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Toward Introspective Human Versus Machine Learning of Simulated Airplane Flight Dynamics

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Toward Introspective Human Versus Machine Learning of Simulated Airplane Flight Dynamics Dan Tappan and Matt Hempleman Department of Computer Science Eastern Washington University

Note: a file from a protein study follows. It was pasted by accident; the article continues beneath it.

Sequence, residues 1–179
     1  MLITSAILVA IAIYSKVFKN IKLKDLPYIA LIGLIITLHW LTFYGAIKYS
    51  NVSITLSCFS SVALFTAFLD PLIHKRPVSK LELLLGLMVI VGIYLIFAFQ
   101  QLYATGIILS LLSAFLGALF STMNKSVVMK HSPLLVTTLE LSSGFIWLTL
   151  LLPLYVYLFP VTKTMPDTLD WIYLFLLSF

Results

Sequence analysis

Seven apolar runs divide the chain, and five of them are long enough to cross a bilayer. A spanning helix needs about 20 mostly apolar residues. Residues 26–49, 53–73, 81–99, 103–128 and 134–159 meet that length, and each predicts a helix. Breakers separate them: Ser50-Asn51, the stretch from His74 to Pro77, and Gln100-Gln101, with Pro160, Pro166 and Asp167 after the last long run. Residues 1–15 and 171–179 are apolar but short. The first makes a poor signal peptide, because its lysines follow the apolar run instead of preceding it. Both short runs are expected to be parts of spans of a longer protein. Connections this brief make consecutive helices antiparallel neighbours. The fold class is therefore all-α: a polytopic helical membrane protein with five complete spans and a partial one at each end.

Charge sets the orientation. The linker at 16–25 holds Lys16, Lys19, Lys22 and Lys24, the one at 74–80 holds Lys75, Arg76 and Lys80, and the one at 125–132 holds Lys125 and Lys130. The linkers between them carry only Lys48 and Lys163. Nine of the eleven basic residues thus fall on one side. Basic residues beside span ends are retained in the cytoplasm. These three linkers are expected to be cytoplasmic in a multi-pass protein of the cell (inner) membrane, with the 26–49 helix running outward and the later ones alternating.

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Toward Introspective Human Versus Machine Learning of Simulated Airplane Flight Dynamics Dan Tappan and Matt Hempleman Department of Computer Science Eastern Washington University Abstract This paper presents the preliminary results of an extensible Java architecture for modeling, simulating, visualizing, and analyzing modularized, plug-and-play machine-learning strategies applied to instrument-based airplane flight control. A set of basic flight maneuvers challenged the machine to learn how to fly unsupervised by trial and error, from which the learning module attempted to introspectively determine interdependencies among the many inputs and outputs. For baseline comparison, this work also included a pilot study on human subjects who conducted the same experiments. The overarching goal was to determine how, and how well, both groups learned to solve the same flight-related problems on their own, which could be useful to refine and expand the learning strategies. Introduction Flying an airplane by reference to its cockpit instruments alone no external visual cues is a complex, multidimensional, real-time task that maps a small set of inputs to a large set of dynamically changing outputs in a continuous feedback loop. Formally learning to understand and manipulate such a system is mostly a top-down directed process, whereby a teacher explains problems and how to solve them, and then the learner repeatedly practices variations on the solution process under different conditions until achieving consistent, satisfactory performance (Guralnick and Levy 2009). A problem with this approach for machine learning is that the teacher s investment and oversight may become so extensive that they are almost explicitly programming the solution (Poli, Langdon, and McPhee 2004). Although impractical in real life, learning to fly in a predominantly unsupervised bottom-up manner by trial and error may also be effective. In a simulated environment with no real consequences for failure, the unsupervised learner may be able to develop their own model of how the system operates with far less hands-on involvement from the teacher. Not only may it be possible for this reinforcement approach to achieve the same goals, but if done strategically, it could also introspectively show how it learned to do so for insight into the process of both flying and learning to fly (Haykin 1994; Harrington 2012). This work focuses on an extensible architecture for the modeling, simulation, visualization, and analysis of instrument-based airplane flight control, with a plug-andplay module for the learning strategy. The long-term application is to investigate and compare various machinelearning strategies. This paper describes the architecture, a straightforward proof-of-concept learning strategy, and a pilot study of human subjects for comparison. The primary goal is to determine how, and how well, both groups learn to solve the same flight-related problems on their own. Pedagogical Foundation Any nontrivial system has complex interrelationships among its components. The continuous mapping of inputs to processing to outputs is based on countless direct and indirect dependencies, correlations, causes and effects, stimuli and actions, and so on (Haykin 1994; Jones 2008). The framework for learning here is based on first decomposing the problem space of flight data into its constituent W5H question words (i.e., who, what, when, where, why, and how), and then trying to establish a richly interconnected associative DIKW structure for it hierarchically from superficial to deep understanding as follows (Bloom 1956; Dorn 1989; Irish 1999; Rowley 2007): D ata: raw values with no associativity or context; what questions. I nformation: values in one context; how questions. K nowledge: values in multiple contexts; when, where, and why relationships. W isdom: creation of generalized principles by connecting a network of contexts from different sources for predictive, anticipatory, proactive understanding. Data Information Knowledge Figure 1: Learning Associativity Wisdom An accomplished learner (the who) can generally indicate what happens when and where, and how it happened or how to make it happen, but they do not necessarily understand why. The introspective aspect of this work allows for postanalysis by a subject-matter expert to glean insight into the rationale behind decisions. Such insight could be used to refine teaching and learning processes. System Architecture The system consists of 327 Java classes, with Swing and Java 3D for the graphics. The human test subjects were using this code base primarily for developing an unmanned aerial vehicle simulator as the project in their undergraduate software-engineering course, so much of this code is not directly related to this work yet. The main components of interest here are the flight-dynamics model, machine-learning engine, instrumentation, and data logger. Flight Dynamics The flight dynamics reflect a Cessna 172, which is the world s most popular airplane thanks to its docile handling characteristics and forgiving nature (Cessna 2014). The underlying flight-dynamics model, while a necessary abstraction and simplification of reality, still captures the main elements of any traditional fixed-wing aircraft (FAA 2011). Its six degrees of freedom represent where the airplane is positioned in three-dimensional space, and where it is facing. Specifically, it uses a right-hand coordinate system for x, y, and z, as indicated in Figure 2, where rotation about each axis is respectively roll, pitch, and yaw. yaw y x pitch roll z Figure 2: Coordinate System (Sketchup 2014) In addition, two axes correspond to the main forces of flight. Thrust moves the airplane forward along the x axis, which drag opposes. Lift is always perpendicular to the xy plane, while weight (gravity) is always straight down. The x, y, z and weight components are in the global (world) frame of reference and are independent of the airplane, whereas roll, pitch, yaw, thrust, drag, and lift are in the local frame of reference. Input The flight control surfaces in Figure 3 redirect airflow over the airplane to change the roll, pitch, and yaw, which in turn contribute to changes in the (x, y, z) position. The ele- vator on both sides of the horizontal stabilizer deflects up or down in unison to change pitch. The ailerons outboard on each main wing deflect up or down in opposition to induce roll. The rudder on the vertical stabilizer deflects left or right to coordinate changes in yaw. The flaps inboard on the wings deflect down in unison to increase the wing lift and drag, generally only for landing. Finally, the propeller generates thrust. The Flight Dynamics Processing section describes these relationships in detail. elevator ailerons rudder flaps Figure 3: Flight Control Surfaces (Sketchup 2014) The primary real-world control interface usually involves a wheel, yoke, or stick, as well as pedals. For logistical reasons, the human interface was limited to the keyboard. There were three modes of operation connecting a key press to an action: Instantaneous changes go to the maximum limit immediately and return to neutral upon release. Incremental auto changes occur stepwise until reaching the maximum limit or the key is released, then return stepwise to neutral. Incremental manual changes occur stepwise until reaching the maximum limit or the key is released, then remain there. Opposite action is necessary to neutralize the effect. The throttle was always in incremental manual mode. Otherwise, this paper consider only instantaneous and incremental auto. The modes remained separate in the experiments for independent analysis. The rationale is that instantaneous inputs are likely tied to determining only what the appropriate action is and when, whereas incremental inputs also factor in how much to apply in terms of time, as well as how to cancel the action. Output To fly and especially to learn to fly the pilot needs constant awareness of the state of the airplane with respect to the world, known as situational awareness (FAA 2011). The underlying mathematical model, with its 32 variables, is a major simplification of the real world with perhaps several times this number (Napolitano 2011). However, most of these data are not directly accessible to the pilot, who is limited to observing only what is depicted by the instruments. (Visual and kinesthetic [motion] senses play a role in visual flight, but not in instrument flight; in fact, ignoring kinesthetic inputs, which are dangerously deceiving, is a major challenge.) Excel Instruments depict data or information either by directly presenting it (e.g., altitude determined by air pressure) or indirectly computing it from multiple fused sources (e.g., vertical speed as a change in altitude over time). While the focus on learning here by both human and machine is limited to the instrument depiction, it is valuable (from a DIKW standpoint) to see the underlying raw source. An extensive log file conveniently exports directly to Excel, as in Figure 4. Figure 4: Excel Log Data While these values represent the discrete states of the simulation in every pertinent detail, no human even a subject-matter expert could make intuitive sense of them in this form, which continues for thousands of entries for most maneuvers. Basic visualization as line plots, however, as in Figure 5, can be very revealing. While this representation is beyond the scope of this paper, it is relevant and worthwhile to mention because the key aspect in their value is in deciding which data to plot: meaningful relationships are only apparent when presented as appropriate combinations of independent and dependent variables. Figure 5: Excel Log Plots Humans, lacking any insight into the raw data at all, would not be able to decide wisely which plots to generate. Most combinations would be meaningless, although a human would likely find many baseless correlations. Indeed, in an earlier assignment, students were seriously confused by extraneous data and drew wildly incorrect conclusions. A similar situation commonly occurs with machine learning by overfitting the data, among other causes (Conway 2012). Although a machine can easily consider countless combinations, very few of them would truly reflect meaningful correlative and causative behaviors of the unknown system. Therefore, any brute-force approach on the raw data would need to be selective. This foresight played an important role in deciding how to set up the machine learning to operate on the instrumentation data, as discussed in the Machine Learning section. Instrumentation The nine instruments in Figure 6 depict the refined state of the airplane derived from the raw data. Students in another earlier assignment had already researched their basic form and function, but until this assignment had never seen them in operation. The only difference between the student and machine perspectives was that the students saw this visual representation, whereas the machine saw the equivalent variable representation (e.g., needle position). A. Airspeed Indicator (ASI): shows airspeed in knots. B. Attitude Indicator (AI): shows pitch and roll via an artificial horizon. C. Altimeter: shows altitude in feet above sea level (which is the ground here); the caret, thick needle and thin needle are 10,000, 1,000, and 100 feet, respectively. D. Turn Coordinator (TC): shows rate of turn in degrees per second via the bar, as well as nose-to-tail alignment in a turn via the ball; the Preliminary Results and Discussion section elaborates on this relationship E. Directional Gyro (DG): serves as a compass, where the numbers rotate around the stationary airplane. F. Vertical-Speed Indicator (VSI): shows change in altitude in positive or negative feet per minute. G. Clock: serves as an ordinary clock; the caret and reset button were not in play. H. Tachometer: shows propeller revolutions per minute. I. Stall Warning: shows when the wings have ceased to provide lift, resulting in imminent loss of control. This set of primary instruments, minus G, H, and I, is often called the six pack because together they minimally depict the state of the airplane. Loss of one or more, known as a partial panel, may be accommodated with significantly more difficulty by interpreting the others in combination, but such a condition was not part of this work. Nevertheless, the general approach should still apply, although likely with degraded results. A B D E G H C Flight Dynamics Processing F I Figure 6: Instrument Panel The architecture also supports six navigational instruments, but the panel omitted them for these experiments. None of the tests addressed a global frame of reference that required the pilot to know where the airplane was with respect to the world (except in altitude). 3D Viewer Although the scope of this work was limited to the internal cockpit view of the instruments, for reference after tests, an external view was available. Not only was it entertaining to review both the successful and spectacularly disastrous results, but the discussion proved to be very informative to both students and instructor on why students made their decisions. Such rich reflective and introspective interaction with the machine-learning aspect would be an ideal goal for future work beyond this limited approach. Figure 7 shows three-dimensional visualizations for two attempts at a counterclockwise turn. This visualizer has seen extensive use in the first author s artificial intelligence courses, related pedagogical research, and industry work as a general-purpose world viewer (Tappan 2008, 2009, 2012). The flight-dynamics model is a Java port of the C++ code by Bourg (2002). The main differences are in the input mechanism to account for the instantaneous and incremental modes, the extensive logging capability, and changes to the flight characteristics to model a Cessna 172. Higher-fidelity models are available, but the internals of this one are especially accessible for inspection and logging (Allerton 2009; Napolitano 2011). While the complex differential equations of flight involve countless intricate interactions, the main objectives of this study were to elicit an understanding of at least the following representative cause-and-effect relationships, which are generalized here for aerodynamic reasons beyond the scope of discussion (FAA 2011): An increase in elevator deflection (up) causes an increase in pitch (depicted in the AI), which causes an increase in lift (in the VSI and altimeter) and a decrease in speed (in the ASI) until a stall occurs (in the stall warning); the opposite holds for a decrease in elevator deflection, except for the stall, and the propeller speed increases (in the tachometer). An increase in left aileron deflection (up), and therefore down on the right, causes a roll to the left (in the AI), which causes a turn to the left (in the DG and TC bar and ball), as well as a loss of lift (in the VSI and altimeter); the opposite holds for a decrease in left aileron. An increase in rudder (right) causes a yaw to the right (in the TC ball), which causes a roll to the right (in the AI), which causes a turn to the right (in the DG and TC bar), as well as a loss of lift (in the VSI and altimeter); the opposite holds for a decrease in rudder. The Preliminary Results and Discussion section discusses this relationship further. An increase in flap deflection (down) causes a decrease in pitch (in the AI) and speed (in the ASI), but an increase in lift (in the VSI and altimeter); the opposite is dependent on the initial state. An increase in throttle causes an increase in propeller speed (in the tachometer), which increases thrust (not depicted on any instrument), which results in an increase in speed (in the ASI) and therefore an increase in lift (in the VSI and altimeter); the opposite holds for a decrease in throttle. Machine Learning Figure 7: Turn Visualizations The long-term purpose of this plug-and-play architecture is to investigate various machine-learning strategies applied to this problem space. At this preliminary stage, only a proof-of-concept module is in play. Evaluation of learning (machine and human) was not through the traditional crossvalidation approach of learning on a training set, then performing on a withheld test set. Rather, the goal was simply to reach the objectives however possible reactively, and then for a subject-matter expert to analyze these steps qualitatively to gain insight into how the subjects presumably learned. For now, there is no way to repeat the actions proactively based on this experience, but this capability will be added eventually for rigorous quantitative analysis. Specifically, the steps are: 1. Acquisition: receive data from sensors 2. Transformation: convert data into usable form 3. Fusion: combine data into coherent, unified views 4. Inference: derive unstated data 5. Reasoning: make sense of data 6. Prediction: anticipate trajectory of data It is fair to characterize the provisional approach here as pure brute force and very restrictive, but it does reasonably reflect the students approach of developing their own generalized principles through trial and error without understanding the underlying aerodynamic principles. It is an enumerative approach of trying an input, seeing its effects, and continuing if the trajectory toward the objective appears promising, or discontinuing otherwise and trying something else. The objectives are declarative statements defining the form of an acceptable solution (with some freedom). For humans, English sufficed (e.g., climb at 80 knots); for the machine, it was equivalent hardcoded conditional statements. A priori knowledge was necessary to constrain the solutions to reasonable flight characteristics and avoid undesirable states like flying upside down (Mitchell 1997). Students had acquired this background from earlier research; the machine required additional logic. The reinforcement signal for evaluating trajectory was crude: converging, diverging, or no effect. It functioned somewhat like a myopic feed-forward neural network with no or few hidden layers and a three-state linear activation function (Haykin 1999; Bourg and Seemann 2004). Each of the four inputs (elevator, aileron, rudder, and throttle) mapped to the 11 accessible values in the instruments (roll, pitch, yaw, speed, etc.). Flaps were initially considered but quickly discarded due to their overwhelmingly destructive effect on the other inputs. The direct mapping considered 44 combinations (4 11); the indirect mapping had a second layer with 440 ( ), and a third layer with 3,960 ( ), for a grand total of 4,444 combinations. This network captures relationships of input output, input (output1 output2), and input (output1 output2 output3), respectively. The decreasing count reflects no need to map to the same instrument output twice. This approach addresses steps 1 through 3 above. Experiments A suite of rudimentary experiments provided a rich basis for discovering relationships. Each experiment consisted of a task to perform, which could be attempted any number of times. The logger kept track of the performance data. Tasks The 14 tasks considered are basic flight maneuvers that demonstrate a recognition of the current state of the airplane and some understanding of what needs to be done to achieve the desired next state repeatedly toward the final objective (FAA 2012). Each attempt at satisfying a task started in the air with the same initial conditions and was independent of any others. The attempt ended upon reaching the objective or significantly exceeding the specifications. The tasks could be performed in any order. Straight and level: fly in a straight line with no change in course (0 degrees), altitude (3,000 feet), or speed (80 knots), which are the initial conditions. Indefinite climb: